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London train crash Wednesday, 6 October, 1999, 17:45 GMT 18:45 UK
Counting the cost of a life
paramedics at scene
All transport represents a risk to human life
Deputy Prime Minister John Prescott's promise that "cost will not be a consideration" in implementing the "best possible" safety system in trains marks a stark departure from the calculations usually performed in such deliberations.

The traditional and accepted approach to considering the practicality of installing new systems involves weighing their cost against the value of lives that they may save.

And that, of course, necessitates coming up with a figure for the value of a human life.

London Train Crash
Andrew Evans, Professor of Transport Safety at University College London, says that after a tragedy has occurred, the value of a human life is "priceless".

Loss of human life

However, in anticipating the risk of loss of life, whether on the rail network or on the roads, a value is calculated and applied to cost effectiveness.

Prof Evans said: "The hypothetical cost of a possible human fatality is costed and given a value, and that value is then used as an indicator in calculating the cost effectiveness of installing a safety system, for example.

"In running a railway network, or a road system, you know that there is some risk, and you know that that risk is going to result in the loss of a human life.

"The crucial thing is though that you are dealing with an abstract - the death could involve anyone."

john prescott
Deputy Prime Minister John Prescott: "Cost will not be a consideration"
A number of different factors affect the "value" given to a hypothetical human life, which differs from one situation to the next.

Although many, many more people die and are injured on the roads every year than in train accidents, a road fatality is costed out somewhere in the region of 1m.

The possible death of a railway worker is valued at about the same, or a fatality of someone dying as the result of vandalism or, for example, falling from a platform or bridge.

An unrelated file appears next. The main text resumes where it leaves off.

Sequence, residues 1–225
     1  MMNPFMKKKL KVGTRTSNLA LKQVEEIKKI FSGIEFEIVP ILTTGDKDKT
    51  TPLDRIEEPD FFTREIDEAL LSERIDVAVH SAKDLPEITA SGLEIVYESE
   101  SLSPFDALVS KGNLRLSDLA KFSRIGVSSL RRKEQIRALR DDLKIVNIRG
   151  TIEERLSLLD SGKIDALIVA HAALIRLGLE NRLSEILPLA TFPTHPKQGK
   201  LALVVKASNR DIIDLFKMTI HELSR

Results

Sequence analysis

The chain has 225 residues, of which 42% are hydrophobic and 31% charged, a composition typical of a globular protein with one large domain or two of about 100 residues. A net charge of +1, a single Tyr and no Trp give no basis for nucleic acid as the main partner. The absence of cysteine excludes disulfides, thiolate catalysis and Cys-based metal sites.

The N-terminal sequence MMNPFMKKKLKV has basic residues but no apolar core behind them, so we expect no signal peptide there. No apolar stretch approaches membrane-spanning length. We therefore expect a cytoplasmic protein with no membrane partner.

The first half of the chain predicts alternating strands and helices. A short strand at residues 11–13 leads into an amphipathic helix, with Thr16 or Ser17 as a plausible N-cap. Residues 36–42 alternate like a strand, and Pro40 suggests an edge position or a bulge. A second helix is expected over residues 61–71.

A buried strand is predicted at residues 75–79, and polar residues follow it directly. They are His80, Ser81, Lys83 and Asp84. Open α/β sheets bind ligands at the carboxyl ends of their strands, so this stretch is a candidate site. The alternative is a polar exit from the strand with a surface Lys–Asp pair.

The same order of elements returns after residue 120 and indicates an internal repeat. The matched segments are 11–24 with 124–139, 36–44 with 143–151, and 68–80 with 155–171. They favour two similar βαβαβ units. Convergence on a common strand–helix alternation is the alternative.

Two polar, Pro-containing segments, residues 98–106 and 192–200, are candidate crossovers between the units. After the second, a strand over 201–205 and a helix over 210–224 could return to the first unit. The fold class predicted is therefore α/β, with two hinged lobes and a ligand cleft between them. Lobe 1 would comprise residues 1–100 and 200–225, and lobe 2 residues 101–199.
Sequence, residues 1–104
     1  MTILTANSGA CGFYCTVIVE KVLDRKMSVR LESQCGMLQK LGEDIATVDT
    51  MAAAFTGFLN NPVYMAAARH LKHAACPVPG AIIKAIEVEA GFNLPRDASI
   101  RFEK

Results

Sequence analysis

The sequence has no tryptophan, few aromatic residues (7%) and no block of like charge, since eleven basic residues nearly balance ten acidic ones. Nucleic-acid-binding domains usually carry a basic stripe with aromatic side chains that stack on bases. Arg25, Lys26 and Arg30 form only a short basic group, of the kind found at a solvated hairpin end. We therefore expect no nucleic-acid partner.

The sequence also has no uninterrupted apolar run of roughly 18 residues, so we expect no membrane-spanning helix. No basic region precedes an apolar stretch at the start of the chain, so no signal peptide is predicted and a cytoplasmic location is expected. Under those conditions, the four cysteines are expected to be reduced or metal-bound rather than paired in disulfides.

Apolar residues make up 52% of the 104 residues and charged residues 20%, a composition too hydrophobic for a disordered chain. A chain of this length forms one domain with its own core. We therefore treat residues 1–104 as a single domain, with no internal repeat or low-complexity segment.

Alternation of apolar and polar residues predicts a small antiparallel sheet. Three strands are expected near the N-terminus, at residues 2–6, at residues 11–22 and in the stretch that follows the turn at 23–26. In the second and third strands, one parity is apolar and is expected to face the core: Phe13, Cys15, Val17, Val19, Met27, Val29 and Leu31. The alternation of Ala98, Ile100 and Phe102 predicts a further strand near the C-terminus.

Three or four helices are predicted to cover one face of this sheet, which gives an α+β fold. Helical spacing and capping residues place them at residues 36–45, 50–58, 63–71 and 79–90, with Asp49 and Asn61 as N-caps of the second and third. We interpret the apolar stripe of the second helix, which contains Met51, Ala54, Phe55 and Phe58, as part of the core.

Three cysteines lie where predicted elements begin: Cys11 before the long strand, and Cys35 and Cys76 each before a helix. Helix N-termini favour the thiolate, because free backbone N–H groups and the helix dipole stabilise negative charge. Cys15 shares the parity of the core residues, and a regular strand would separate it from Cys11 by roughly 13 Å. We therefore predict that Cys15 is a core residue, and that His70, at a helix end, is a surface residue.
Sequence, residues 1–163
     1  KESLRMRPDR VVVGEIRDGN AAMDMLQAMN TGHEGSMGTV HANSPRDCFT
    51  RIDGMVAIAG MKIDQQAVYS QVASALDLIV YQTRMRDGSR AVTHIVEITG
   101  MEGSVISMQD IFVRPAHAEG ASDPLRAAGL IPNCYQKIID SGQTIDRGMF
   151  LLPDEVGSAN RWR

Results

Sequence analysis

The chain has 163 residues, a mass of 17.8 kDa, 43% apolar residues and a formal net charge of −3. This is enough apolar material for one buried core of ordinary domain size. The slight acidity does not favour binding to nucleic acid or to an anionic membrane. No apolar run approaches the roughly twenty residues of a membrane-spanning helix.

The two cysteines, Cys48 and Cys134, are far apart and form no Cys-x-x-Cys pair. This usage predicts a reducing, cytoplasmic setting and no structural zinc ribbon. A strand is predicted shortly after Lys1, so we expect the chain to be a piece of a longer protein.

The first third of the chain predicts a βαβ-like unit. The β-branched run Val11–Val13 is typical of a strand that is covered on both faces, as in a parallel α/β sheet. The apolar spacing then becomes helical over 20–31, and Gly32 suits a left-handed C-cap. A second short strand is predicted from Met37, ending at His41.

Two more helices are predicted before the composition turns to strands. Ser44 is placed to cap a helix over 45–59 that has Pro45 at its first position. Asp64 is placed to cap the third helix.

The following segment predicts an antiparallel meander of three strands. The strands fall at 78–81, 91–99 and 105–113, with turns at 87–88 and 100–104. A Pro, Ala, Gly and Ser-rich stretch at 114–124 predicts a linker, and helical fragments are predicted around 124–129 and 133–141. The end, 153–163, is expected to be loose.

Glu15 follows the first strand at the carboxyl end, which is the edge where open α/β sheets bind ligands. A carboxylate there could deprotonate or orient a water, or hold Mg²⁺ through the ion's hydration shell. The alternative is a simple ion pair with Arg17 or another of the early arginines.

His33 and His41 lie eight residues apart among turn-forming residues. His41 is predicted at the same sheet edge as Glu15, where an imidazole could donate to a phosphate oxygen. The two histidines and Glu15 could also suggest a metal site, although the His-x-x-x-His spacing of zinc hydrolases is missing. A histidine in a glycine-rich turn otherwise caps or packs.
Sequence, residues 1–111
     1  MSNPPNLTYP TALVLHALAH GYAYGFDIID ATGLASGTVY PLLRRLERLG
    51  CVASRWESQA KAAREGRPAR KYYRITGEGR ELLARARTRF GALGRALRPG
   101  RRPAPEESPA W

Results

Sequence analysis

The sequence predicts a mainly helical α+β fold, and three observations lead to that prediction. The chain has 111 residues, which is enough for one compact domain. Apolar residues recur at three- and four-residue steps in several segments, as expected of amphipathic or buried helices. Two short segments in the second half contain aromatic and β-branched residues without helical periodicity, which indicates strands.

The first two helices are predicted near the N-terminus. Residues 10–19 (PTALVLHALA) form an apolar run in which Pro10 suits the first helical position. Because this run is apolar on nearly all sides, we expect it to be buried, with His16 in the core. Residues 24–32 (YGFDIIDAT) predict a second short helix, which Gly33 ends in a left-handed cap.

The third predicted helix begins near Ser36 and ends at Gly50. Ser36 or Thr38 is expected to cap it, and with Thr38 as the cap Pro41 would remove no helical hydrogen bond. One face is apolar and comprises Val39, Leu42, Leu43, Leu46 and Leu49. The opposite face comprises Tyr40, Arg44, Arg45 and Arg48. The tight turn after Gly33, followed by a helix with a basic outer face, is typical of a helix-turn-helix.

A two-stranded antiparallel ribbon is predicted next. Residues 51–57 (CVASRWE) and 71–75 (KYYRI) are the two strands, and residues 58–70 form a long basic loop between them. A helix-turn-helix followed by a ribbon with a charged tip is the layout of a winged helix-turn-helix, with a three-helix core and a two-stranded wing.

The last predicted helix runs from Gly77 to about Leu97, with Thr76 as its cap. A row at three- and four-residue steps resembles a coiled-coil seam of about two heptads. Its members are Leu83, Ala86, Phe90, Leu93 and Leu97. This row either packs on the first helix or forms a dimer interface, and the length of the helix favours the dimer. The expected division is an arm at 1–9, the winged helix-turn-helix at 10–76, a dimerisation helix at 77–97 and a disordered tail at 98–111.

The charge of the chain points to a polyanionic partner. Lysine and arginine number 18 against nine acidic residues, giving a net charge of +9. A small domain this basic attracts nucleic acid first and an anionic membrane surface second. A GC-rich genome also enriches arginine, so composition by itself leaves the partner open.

The potential death of a rail passenger, however, is priced at 3m.

The high profile given to rail accidents is one large reason for the increased value, Professor Evans told BBC News Online.

That value is then inserted into an equation to calculate whether the cost of implementing a new system is worth the number of lives it could possibly save.

"Not an easy decision"

In very blunt terms, cost benefit analysis has already shown the Automatic Train Protection system to cost more than the lives it might potentially save would be worth.

The Hidden report following the Clapham rail crash, in which 35 people lost their lives, recommended that ATP be installed across the rail network.

But it was calculated that although a full ATP system would save lives, it would be at a cost of 14m per life saved.

Prof Evans said: "It is not an easy decision, and it is not one made coldly or heartlessly. The decision of whether to implement a safety system or not is extremely hard."

But he said that even after the west London crash, the decision not to install ATP was correct.

He said: "After the trials of ATP in 1994 the British Railways Board reluctantly concluded that it should be rejected for network-wide fitting because its costs were much too high in relation to the number of accidents and casulaties it was expected to save.

kings cross fire, 1987
Non-costed safety measures were introduced after the fire at Kings Cross
"That decision was correct, but a difficult one to make."

He said that the number of lives ATP could be expected to save should be increased in the light of Tuesday's accident, but he stressed that he did not believe that the adjustment would make the system cost effective enough.

However, he backed the deputy prime minister's previous decision to install the much cheaper Train Protection and Warning System before 2004.

He said: "You get 70% of the benefits for 15% of the costs."

King's Cross

He added that costs had to be paid for somewhere, and that increasing the price of train tickets may force people to adopt less safe forms of transport still - like cars.

But if John Prescott does decide to defy economics and go with ATP, it would not be the first time that safety has come before accountancy.

Non-costed measures were put in place after the fire at King's Cross underground station in 1987.

And the growing public outcry may influence any decision - political or economic - to install the best safety equipment possible.

See also:

06 Oct 99 | UK Politics
06 Oct 99 | UK Politics
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